Purity – Silver deposit purity is of interest for many end users. Unlike most cyanide-based silver electrolytes, the GT-101 silver electrolyte does not contain any metallic brightening agents, thus the deposit impurities are mainly associated with co-deposited carbon originating from the organic additives used in the electrolyte. Combustion IR analysis of the carbon content in the GT-101 bright silver deposit shows the high purity of the deposit, as shown in Table 2. 

Corrosion and Tarnish Resistance – Owing to its high reduction potential, silver possesses a naturally high resistance to oxidation, therefore under typical application conditions, silver does not form an oxide film. Even under steam ageing conditions, no visible discoloration could be observed. Figure 4 shows copper strips coated with deposits from a GT-101 silver bath before and after 8 hours steam ageing test.

However, silver deposits are considered to be a non-noble metal finish due to their reactivity with sulphur and chlorine. It is known that when sulfide is present in the atmosphere silver coatings are prone to tarnishing, forming  a Ag2S tarnish film which varies in colour between yellow, brown, blue to black, depending on the tarnish film thickness. The tarnish behaviour of the new cyanide-free silver deposit was examined under a variety of conditions. When the deposit was stored at ambient conditions (typical office environment), no visible colour change was observed over many months. An accelerated tarnish test (deposit immersed in 2% potassium polysulfide solution for 10 minutes) shows that the tarnish tendency of the silver from the new cyanide-free electrolyte is comparable to that of deposits from a conventional cyanide-based electrolyte. Several commercially available Cr6+-free, organic and inorganic anti-tarnish agents were tested and found to be effective in preventing tarnishing of the GT-101 silver deposit even under the severe test condition.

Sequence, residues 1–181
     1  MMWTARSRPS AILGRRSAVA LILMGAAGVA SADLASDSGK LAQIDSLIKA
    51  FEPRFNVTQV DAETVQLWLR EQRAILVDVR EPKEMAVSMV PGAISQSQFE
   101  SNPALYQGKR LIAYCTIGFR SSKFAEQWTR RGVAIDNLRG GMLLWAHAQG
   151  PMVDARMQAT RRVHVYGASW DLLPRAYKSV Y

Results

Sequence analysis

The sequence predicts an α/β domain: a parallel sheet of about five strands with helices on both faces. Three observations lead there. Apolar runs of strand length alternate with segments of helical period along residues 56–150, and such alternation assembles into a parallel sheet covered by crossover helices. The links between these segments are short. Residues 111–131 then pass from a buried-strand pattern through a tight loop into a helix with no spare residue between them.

Contact Resistance – Silver has the best electrical conductivity of all the metals. Electroplated silver is an excellent contact material and has been widely used for electrical/electronic connector applications, where a low contact resistance of the silver deposit is essential. The contact resistance of the new silver deposit was determined over a range of contact loadings. It can be seen from Figure 5 that a very low contact resistance (below 1 mOhm) can be achieved when the contact loading is above 40 cN. This result is very similar to that obtained on the silver deposits from conventional cyanide silver electrolytes.

Solderability – Solder wetting performance of the new silver deposit was evaluated using the wetting balance technique. 2-3 microns of GT-101 bright silver was deposited on 10 x 30 x 0.2 mm copper coupons. An example of a typical wetting curve obtained for the as-plated deposit, with a Sn/Ag/Cu lead-free solder (255°C) and a rosin based RMA type flux is shown in Figure 6.  Solderability of the silver plated samples was also tested after dry heat aging at 155°C for 16 hours, and also after steam ageing for 8 hours. The test results show that neither of the ageing conditions have any significant impact on the solderability of the silver. The zero crossing time (ZCT) observed at all testing conditions is well below one second, indicating that the new silver deposit has excellent solderability.

Wire Bonding Capability – In wire bonding applications, several different types of silver finishes provide protection of copper substrates and allow formation of a strong bond between gold wire and silver plated substrates2.  Gold wire bondability analysis of the GT-101 silver finish was carried out using an ESEC WB3088 iP wire bonding machine. Wire bonding samples were prepared by plating GT-101 silver directly over a copper substrate. Two different silver thicknesses were tested, e.g. 0.3 µm and 1.0 µm. Gold wire bonding and pull tests were performed under three different conditions:

  1. As plated
  2. Ageing at 150°C for 2 hours
  3. Ageing at 150°C for 2 hours, followed by plasma cleaning  for 10 minutes

The wire bonding test results are given in Table 3.

Average pull force of 11.0 cN and 13.3 cN was observed on two silver coated copper samples under as-plated condition, showing that the new cyanide-free silver is capable of providing a good wire bondable surface. It is not surprising that the pull force was significantly reduced after the accelerated ageing test at 150°C for 2 hours, due to either the copper diffusion from the substrate or surface contamination. The bondability of the thicker silver coating (1.0 µm) after accelerated ageing could be fully re-established by plasma cleaning for 10 minutes, while only 50% bondability of the thinner silver coating could be recovered with the same method. When applying a thin silver layer (< 1 µm) for wire bonding application and the time to bond is relatively long, a nickel undercoat would be beneficial to prevent copper diffusion from the substrate.3